Raul Freitas


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Big stars and big events are marking this weekend’s 70th anniversary of Portuguese emigration to Canada, focusing the attention of all who are connected to that tree, on the events that placed them where they are today.

Nothing like a celebration of heritage to unite the people it represents. It’s also an eye-opener for those who know where their past lies, but have yet to freshen up on what it’s significance, and where it all began. It’s more than a few presentations and concerts. Just the fact that it’s being done and in such a scale says a lot about its importance. It truly is a chance for the younger descendants to learn much about themselves.

On this side of the Atlantic, where it all began, only at the government level was there mention of the goings on, and that makes sense. In Portugal, besides being proud that so many of our people managed to thrive after leaving their homeland over the last 70 years, we can’t forget the reasons that so many felt compelled to leave. Just as important, and I believe it’s a topic that rarely gets a mention, is the fallout, over the last 70 years, of the loss of such a large portion of our population. Sure, we grabbed back our freedom in 1974, but continued to lose our people in droves until relatively recently. Fascism stagnated our culture in every aspect, a legacy that will continue to linger for a few generations to come. But it also created this exodus that became a Portuguese way of life. For decades, the hope of anyone who could think for themselves was to go elsewhere to make a life for themselves and their families. Today, I don’t see any interest in studying this phenomenon, or even pondering it. Today we thrive on tourism, and in the interior of the country the coming of the immigrants during holiday seasons is of the upmost importance, not just for family reunification, but for economic reasons. We all count on that support because otherwise these areas would be nothing more than ghost towns; many already are. But we need our people, more than we need the money. I often look around and imagine the potential, if only we had people walking the streets. I imagine them sitting at the cafés, perusing through the stores, sitting down for lunch at an eatery. Mostly I imagine young people making their way with their friends, finding ways to pass the time. Our cities are bursting with tourists who fly in and fly out, taking, and leaving nothing in return. That’s what a tourist is, that’s reality, but it creates lonely cities for those who are here and truly love it. It’s a different thing when a Portuguese tourist comes in. They have a sense of wonder, a connection they feel and need to explore.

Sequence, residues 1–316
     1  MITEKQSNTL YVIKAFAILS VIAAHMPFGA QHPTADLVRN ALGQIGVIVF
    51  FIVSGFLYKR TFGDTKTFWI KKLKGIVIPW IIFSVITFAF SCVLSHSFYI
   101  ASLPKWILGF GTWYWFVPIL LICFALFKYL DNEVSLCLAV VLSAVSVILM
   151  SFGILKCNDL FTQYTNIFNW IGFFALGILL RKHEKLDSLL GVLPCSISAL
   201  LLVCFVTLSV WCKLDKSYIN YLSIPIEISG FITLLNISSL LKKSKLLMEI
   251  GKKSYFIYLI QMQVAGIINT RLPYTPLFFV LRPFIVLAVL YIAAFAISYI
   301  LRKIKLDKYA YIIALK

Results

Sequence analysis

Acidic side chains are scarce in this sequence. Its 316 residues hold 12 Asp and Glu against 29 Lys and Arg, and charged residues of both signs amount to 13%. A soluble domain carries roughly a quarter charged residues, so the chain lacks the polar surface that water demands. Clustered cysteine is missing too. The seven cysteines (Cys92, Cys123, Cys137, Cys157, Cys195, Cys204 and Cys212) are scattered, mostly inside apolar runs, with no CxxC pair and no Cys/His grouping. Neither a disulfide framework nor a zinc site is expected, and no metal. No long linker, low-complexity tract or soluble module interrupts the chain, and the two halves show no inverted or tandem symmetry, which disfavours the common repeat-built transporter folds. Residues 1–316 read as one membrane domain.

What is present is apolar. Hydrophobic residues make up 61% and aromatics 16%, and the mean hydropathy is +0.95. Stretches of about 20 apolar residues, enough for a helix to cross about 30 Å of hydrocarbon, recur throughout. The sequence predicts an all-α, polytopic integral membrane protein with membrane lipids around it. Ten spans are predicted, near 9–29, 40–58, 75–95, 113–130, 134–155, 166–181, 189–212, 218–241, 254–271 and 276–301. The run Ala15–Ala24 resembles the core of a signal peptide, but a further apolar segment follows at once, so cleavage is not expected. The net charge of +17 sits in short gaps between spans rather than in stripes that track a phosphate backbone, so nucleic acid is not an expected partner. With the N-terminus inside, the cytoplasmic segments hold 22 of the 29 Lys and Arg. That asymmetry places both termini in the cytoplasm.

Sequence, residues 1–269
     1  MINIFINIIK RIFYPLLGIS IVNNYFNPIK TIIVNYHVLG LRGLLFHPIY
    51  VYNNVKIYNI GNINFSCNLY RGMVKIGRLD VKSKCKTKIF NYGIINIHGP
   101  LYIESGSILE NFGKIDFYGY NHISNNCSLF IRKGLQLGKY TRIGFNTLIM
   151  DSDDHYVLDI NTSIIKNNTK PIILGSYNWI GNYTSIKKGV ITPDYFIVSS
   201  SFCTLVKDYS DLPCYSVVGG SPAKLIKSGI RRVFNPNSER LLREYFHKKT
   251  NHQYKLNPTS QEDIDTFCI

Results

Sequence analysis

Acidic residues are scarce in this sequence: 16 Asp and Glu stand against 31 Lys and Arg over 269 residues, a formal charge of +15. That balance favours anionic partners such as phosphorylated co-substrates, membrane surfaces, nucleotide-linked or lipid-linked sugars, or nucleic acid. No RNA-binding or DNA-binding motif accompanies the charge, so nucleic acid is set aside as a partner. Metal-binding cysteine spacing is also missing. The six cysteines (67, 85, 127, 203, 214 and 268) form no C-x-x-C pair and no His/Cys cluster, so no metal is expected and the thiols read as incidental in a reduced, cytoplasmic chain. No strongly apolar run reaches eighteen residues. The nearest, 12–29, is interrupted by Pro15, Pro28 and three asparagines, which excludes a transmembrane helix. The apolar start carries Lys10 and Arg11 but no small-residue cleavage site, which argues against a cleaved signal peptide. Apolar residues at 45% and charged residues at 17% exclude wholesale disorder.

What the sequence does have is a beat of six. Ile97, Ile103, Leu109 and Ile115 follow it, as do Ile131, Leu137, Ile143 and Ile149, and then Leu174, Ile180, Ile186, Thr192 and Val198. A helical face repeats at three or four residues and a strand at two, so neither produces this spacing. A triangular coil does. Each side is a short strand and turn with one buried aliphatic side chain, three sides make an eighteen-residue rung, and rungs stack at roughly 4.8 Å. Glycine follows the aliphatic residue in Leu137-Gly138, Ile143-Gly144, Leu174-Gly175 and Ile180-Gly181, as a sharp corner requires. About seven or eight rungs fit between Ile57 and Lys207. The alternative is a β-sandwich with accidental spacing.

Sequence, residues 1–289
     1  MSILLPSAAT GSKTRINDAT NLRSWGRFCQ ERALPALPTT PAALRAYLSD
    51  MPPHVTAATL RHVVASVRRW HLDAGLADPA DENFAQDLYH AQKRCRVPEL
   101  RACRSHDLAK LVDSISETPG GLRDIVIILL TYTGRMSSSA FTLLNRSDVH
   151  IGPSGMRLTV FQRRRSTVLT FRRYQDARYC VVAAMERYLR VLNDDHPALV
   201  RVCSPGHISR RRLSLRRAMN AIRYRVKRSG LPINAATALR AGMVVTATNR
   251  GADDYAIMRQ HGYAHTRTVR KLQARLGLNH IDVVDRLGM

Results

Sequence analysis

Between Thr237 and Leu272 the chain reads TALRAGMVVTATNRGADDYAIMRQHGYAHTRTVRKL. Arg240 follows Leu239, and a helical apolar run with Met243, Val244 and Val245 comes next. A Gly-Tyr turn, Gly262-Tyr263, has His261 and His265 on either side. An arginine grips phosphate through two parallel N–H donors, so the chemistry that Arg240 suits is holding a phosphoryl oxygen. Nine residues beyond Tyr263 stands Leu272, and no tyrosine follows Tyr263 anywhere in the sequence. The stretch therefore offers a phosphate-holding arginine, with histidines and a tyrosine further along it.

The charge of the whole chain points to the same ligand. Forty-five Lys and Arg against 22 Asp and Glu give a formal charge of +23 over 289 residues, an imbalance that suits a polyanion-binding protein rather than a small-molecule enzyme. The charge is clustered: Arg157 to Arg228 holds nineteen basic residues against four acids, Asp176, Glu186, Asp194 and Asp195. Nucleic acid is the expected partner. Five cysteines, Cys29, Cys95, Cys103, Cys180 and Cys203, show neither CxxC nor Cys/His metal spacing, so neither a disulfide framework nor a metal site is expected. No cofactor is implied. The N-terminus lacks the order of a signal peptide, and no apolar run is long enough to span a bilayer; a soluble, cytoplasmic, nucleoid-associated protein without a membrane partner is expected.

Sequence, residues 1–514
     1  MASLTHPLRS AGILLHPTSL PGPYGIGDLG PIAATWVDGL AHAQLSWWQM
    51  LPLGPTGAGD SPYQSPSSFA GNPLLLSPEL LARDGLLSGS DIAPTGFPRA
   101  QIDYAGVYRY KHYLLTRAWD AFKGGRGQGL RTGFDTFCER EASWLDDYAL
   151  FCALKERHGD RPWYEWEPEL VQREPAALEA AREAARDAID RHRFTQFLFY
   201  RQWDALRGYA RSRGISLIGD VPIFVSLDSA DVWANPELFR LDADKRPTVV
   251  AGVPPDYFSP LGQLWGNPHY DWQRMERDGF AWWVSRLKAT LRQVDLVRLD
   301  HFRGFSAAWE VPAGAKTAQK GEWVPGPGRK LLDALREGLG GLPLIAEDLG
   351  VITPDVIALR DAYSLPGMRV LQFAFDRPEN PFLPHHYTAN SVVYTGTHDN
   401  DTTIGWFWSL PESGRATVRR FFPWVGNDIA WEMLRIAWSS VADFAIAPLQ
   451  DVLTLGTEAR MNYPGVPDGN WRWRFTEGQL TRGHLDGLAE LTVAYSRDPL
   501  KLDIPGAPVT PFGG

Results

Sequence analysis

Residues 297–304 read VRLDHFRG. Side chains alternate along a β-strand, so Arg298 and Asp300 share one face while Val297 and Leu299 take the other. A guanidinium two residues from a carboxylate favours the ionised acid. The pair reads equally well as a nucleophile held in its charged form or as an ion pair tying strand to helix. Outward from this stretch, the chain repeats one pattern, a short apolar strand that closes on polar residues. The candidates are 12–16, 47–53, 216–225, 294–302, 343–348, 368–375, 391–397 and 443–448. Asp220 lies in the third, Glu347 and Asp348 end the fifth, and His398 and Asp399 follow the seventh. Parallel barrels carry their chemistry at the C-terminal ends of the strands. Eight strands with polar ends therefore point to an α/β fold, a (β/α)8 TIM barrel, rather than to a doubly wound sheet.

So, I’m putting it out there: Teach your young people about their heritage. Create the inevitable sense of pride.

It’s not just at these times we should remember our culture in serious terms. A Canadian of Portuguese heritage is still part Portuguese, and initiatives like the 70th anniversary celebration help to open many eyes. It’s also up to us older ones to tell the rest of the stories, the more personal ones. Show off your pictures and videos. We might think none of our youngsters have any interest, but if even one in ten find a spark within them to look into their past, that’s definitely a step in the right direction. We’re much more than a great tourist destination, we’re a place where anyone could thrive, if only we have enough believers to invest in the future.

Fiquem bem.

Raul Freitas/MS

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